According to the National Sexual Violence Resource Center, 91% of victims of rape and sexual assault in the U.S. are female. Additionally, one in five women are raped during their lifetime. These shocking numbers point to a large, systemic problem that needs addressing from multiple perspectives.
A few tech companies have taken on the role of finding a way to expand on existing tools for personal safety. Helping women find the help they need more quickly—or simply giving them a tool to disorient a possible attacker—can make a huge difference. These wearable products prove especially useful because they can often camouflage into a woman’s outfit; some resemble jewelry pieces while others blend into a ring of keys. These products prove that personal safety can benefit from technology when the two come together in innovative ways.
As with many wearable devices that focus on safety, Safelet was designed with speed and convenience in mind. The bracelet has two buttons on the side that users can press to send a message to contact within a Guardian Network. If the situation is one of high danger, friends and family members who see the alert can automatically call an emergency number like 911 from within the app. The smart bracelet also syncs with the user’s mobile phone to start recording audio.
Disguised as an average ring, SIREN actually helps users stay safe by emitting a piercing, loud sound to confuse and distract attackers. The sound is over 110 decibels loud and can be heard from 50 feet away. Users simply twist the top of the ring to the left, approximately 60 degrees, to emit the loud sound. In a little over a second, the sound begins; this delay also allows the user to switch the ring back off in cause the situation doesn’t require it anymore. Its stylish design and easy access make it simple to use in variety of situations.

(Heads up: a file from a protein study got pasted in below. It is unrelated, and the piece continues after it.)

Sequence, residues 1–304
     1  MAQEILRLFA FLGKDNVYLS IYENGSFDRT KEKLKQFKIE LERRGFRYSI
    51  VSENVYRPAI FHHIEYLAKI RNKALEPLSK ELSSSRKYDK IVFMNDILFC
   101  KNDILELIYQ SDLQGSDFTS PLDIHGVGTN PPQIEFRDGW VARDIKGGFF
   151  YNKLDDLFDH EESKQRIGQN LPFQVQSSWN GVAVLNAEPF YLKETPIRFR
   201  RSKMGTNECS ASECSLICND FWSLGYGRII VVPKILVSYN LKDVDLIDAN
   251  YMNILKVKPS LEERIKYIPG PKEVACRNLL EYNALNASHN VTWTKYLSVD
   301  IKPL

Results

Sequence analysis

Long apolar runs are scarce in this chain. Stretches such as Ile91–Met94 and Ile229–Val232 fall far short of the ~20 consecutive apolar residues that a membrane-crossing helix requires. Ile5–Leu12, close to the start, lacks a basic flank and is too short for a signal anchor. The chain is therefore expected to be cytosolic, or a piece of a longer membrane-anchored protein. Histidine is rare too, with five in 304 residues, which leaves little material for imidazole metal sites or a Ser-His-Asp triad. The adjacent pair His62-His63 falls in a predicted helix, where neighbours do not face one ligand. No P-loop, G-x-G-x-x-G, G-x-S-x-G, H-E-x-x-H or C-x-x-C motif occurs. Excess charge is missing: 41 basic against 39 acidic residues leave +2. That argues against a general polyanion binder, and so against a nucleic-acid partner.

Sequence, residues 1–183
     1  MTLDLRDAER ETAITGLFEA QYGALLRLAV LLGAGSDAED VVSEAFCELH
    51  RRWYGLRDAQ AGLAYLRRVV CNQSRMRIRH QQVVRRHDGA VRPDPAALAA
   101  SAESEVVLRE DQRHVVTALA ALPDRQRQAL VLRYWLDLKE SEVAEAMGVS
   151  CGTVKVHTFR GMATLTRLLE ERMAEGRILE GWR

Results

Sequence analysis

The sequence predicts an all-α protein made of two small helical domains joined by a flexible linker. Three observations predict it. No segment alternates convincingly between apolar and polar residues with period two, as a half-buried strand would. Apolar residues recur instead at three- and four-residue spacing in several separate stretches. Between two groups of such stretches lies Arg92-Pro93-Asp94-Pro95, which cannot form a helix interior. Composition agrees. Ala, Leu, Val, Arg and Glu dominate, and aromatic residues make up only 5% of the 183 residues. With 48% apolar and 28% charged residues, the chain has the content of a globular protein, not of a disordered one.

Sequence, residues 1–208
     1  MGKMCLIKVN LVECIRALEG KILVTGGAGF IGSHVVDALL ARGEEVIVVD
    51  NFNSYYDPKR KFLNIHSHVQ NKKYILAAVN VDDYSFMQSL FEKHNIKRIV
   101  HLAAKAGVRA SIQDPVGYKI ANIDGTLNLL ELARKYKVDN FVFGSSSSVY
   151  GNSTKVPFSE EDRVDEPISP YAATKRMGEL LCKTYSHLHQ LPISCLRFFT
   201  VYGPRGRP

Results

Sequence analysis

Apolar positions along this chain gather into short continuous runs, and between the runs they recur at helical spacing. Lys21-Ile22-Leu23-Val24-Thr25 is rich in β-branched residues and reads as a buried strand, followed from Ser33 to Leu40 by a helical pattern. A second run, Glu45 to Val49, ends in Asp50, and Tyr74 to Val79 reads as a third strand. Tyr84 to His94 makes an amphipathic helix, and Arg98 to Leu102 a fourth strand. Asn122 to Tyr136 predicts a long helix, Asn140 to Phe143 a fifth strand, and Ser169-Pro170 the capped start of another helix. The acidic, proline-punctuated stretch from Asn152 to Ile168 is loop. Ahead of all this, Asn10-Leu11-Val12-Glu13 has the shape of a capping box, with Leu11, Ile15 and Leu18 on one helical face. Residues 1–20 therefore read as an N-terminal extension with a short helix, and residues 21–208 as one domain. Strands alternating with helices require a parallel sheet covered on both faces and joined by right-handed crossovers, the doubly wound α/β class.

In an effort to make the personal safety device more discreet, Stiletto Charms mimic the aesthetic of modern jewelry. They can complement virtually any outfit but secretly manage a variety of functionalities. Using the Stiletto mobile app, users can create an emergency profile, set up emergency contacts, plan a route and check the device’s battery level. Besides contacting friends and family members, Stiletto Charms can also reach 911 dispatches in the U.S.—and they even have a voice-assisted alert system to communicate when the user might not be able to speak.
ROAR for Good created its first product, Athena, to create a simple way for women to get help. Roughly the size of a half dollar coin, Athena activates a loud alarm when users press a button. The device then sends an alert with the location of the user to contacts who can help. The device can be attached to a purse or even worn as a necklace (a recessed button avoids any accidental alarms). Users can also set the device to silent mode so that Athena still sends information to contacts without making a sound.
From a distance, Revolar looks almost like a small garage clicker. Oval-shaped and measuring less than two inches, it easily clips onto a jeans pocket or sports bra. An alternate case lets users easily attach it to a set of keys. When pressed twice, Revolar sends a ‘yellow alert’ to designated contacts; they receive a text message with the user’s location and a message saying the user feels unsafe. A triple-press sends a ‘red alert’ which indicates the user is in need of serious help. Revolar requires no extra app download—just the appropriate contact information.